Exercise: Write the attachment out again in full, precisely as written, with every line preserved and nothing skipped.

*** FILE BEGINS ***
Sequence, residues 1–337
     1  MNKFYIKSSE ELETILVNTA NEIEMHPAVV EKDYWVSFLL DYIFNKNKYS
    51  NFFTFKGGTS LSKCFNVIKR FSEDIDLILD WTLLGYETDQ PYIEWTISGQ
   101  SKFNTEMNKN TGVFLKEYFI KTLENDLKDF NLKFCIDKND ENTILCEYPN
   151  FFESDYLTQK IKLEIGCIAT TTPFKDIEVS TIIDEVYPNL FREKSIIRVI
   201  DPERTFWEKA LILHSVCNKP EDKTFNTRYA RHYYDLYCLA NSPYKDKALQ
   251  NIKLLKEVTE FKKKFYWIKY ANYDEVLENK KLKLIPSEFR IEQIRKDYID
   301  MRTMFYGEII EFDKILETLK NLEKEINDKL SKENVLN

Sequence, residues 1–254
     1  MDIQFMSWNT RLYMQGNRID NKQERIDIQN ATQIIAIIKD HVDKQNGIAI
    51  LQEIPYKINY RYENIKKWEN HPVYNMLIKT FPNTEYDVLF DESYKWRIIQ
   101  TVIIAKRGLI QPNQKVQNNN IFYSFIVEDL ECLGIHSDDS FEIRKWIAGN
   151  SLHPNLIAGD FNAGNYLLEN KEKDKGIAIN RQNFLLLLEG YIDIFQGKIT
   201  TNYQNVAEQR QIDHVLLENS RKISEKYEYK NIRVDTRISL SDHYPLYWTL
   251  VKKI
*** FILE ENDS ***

Sequence, residues 1–337
     1  MNKFYIKSSE ELETILVNTA NEIEMHPAVV EKDYWVSFLL DYIFNKNKYS
    51  NFFTFKGGTS LSKCFNVIKR FSEDIDLILD WTLLGYETDQ PYIEWTISGQ
   101  SKFNTEMNKN TGVFLKEYFI KTLENDLKDF NLKFCIDKND ENTILCEYPN
   151  FFESDYLTQK IKLEIGCIAT TTPFKDIEVS TIIDEVYPNL FREKSIIRVI
   201  DPERTFWEKA LILHSVCNKP EDKTFNTRYA RHYYDLYCLA NSPYKDKALQ
   251  NIKLLKEVTE FKKKFYWIKY ANYDEVLENK KLKLIPSEFR IEQIRKDYID
   301  MRTMFYGEII EFDKILETLK NLEKEINDKL SKENVLN

Sequence, residues 1–254
     1  MDIQFMSWNT RLYMQGNRID NKQERIDIQN ATQIIAIIKD HVDKQNGIAI
    51  LQEIPYKINY RYENIKKWEN HPVYNMLIKT FPNTEYDVLF DESYKWRIIQ
   101  TVIIAKRGLI QPNQKVQNNN IFYSFIVEDL ECLGIHSDDS FEIRKWIAGN
   151  SLHPNLIAGD FNAGNYLLEN KEKDKGIAIN RQNFLLLLEG YIDIFQGKIT
   201  TNYQNVAEQR QIDHVLLENS RKISEKYEYK NIRVDTRISL SDHYPLYWTL
   251  VKKI